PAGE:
Duke Energy

Proxy issued:                     March 26, 2015

Annual meeting:              May 7, 2015

Almost every component of pay increased this year for Duke CEO Lynn Good. Salary increased by more than $200,000, crossing the tax-deductibility threshold.  The stock awards grant date value went up to $5.2 million and bonus to $1.12 million. Total compensation was $8.3 million.

Peer groups are one way pay gets inflated. The company notes that it considers some positions utility-specific, and compares compensation for those positions with other energy companies. But for its executives it “has developed a customized peer group for review of executive compensation levels.” Among the peers are defense contractors (a very highly-paid sector), and several companies that are in very different industries (Colgate-Palmolive for example).

However, when looking at companies to compare performance with, the company returns to more similar companies by sector, though many are smaller than Duke. Performance shares granted in 2014 “have a TSR performance goal based on Duke Energy’s relative TSR for the three-year performance period from January 1, 2014, to December 31, 2016, as compared to the companies in the Philadelphia Utility Index.”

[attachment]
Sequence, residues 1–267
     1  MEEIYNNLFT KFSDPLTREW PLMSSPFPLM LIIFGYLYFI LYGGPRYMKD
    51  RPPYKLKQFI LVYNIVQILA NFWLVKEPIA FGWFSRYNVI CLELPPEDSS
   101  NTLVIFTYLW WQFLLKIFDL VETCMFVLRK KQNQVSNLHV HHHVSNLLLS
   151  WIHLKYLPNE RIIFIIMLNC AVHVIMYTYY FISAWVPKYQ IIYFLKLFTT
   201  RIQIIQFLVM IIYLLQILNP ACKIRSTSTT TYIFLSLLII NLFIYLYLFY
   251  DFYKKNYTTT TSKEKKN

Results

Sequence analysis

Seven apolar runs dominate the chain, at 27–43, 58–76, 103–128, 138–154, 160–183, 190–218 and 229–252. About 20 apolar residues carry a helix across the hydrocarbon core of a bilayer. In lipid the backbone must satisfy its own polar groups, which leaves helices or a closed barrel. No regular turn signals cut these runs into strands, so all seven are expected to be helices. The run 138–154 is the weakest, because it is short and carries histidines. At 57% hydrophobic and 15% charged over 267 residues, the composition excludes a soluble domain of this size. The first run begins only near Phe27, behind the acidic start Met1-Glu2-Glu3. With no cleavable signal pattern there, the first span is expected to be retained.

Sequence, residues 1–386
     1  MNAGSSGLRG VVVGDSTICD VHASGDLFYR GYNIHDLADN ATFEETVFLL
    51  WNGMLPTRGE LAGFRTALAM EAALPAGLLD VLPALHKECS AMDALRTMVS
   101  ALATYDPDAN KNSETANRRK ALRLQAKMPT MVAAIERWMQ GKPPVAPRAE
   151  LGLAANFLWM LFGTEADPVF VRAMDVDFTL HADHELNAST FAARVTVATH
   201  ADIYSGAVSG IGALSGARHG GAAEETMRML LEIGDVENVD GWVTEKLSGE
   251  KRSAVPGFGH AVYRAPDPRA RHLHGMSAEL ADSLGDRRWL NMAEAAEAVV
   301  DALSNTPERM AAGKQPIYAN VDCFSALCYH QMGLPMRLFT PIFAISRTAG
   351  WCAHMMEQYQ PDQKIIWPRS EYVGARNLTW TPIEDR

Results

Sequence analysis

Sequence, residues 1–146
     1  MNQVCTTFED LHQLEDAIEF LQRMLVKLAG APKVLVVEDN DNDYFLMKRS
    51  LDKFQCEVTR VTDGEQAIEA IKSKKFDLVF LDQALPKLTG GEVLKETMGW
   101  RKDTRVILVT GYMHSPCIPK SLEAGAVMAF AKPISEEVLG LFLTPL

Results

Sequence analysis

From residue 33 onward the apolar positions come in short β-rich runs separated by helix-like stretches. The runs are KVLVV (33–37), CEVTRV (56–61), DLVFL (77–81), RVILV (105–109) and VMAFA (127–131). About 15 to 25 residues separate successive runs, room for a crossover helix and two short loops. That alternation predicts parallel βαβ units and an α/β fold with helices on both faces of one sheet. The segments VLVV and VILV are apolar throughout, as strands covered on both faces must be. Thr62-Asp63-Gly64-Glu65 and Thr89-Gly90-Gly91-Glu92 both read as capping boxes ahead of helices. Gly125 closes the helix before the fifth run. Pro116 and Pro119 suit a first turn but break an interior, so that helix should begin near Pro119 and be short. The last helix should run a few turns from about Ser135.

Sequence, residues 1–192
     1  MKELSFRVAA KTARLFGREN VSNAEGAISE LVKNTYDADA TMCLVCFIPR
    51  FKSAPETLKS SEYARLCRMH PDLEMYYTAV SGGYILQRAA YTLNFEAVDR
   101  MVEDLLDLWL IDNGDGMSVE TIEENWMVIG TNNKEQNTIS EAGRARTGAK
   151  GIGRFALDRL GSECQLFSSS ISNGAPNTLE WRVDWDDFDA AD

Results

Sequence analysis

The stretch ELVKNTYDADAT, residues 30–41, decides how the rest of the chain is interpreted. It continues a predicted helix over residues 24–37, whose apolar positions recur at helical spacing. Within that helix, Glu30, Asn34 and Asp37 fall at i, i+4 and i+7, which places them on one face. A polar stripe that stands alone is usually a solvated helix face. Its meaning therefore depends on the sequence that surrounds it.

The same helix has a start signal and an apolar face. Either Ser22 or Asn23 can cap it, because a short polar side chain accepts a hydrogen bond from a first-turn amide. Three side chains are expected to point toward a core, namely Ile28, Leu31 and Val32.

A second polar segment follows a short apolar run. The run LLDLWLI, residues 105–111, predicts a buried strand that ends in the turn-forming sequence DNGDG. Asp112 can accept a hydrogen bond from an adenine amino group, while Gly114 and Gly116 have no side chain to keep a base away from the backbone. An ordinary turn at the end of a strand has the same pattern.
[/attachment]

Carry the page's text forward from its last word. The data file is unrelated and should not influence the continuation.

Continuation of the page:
Also for these grants the company increased the potential payout, from 150% of target to 200% and raised the bar to hit that maximum.

Of most concern, the company continues to allow vesting of some performance shares at low levels of achievement. If three quarters of all companies in the Philadelphia Utility Index perform better than Duke does, the executives will receive 50% of target awards.

Finally, given the uncertain fate of the energy and utility sectors, it appears the executives may receive large performance grants even if the sector on the whole – and shareholders — suffer.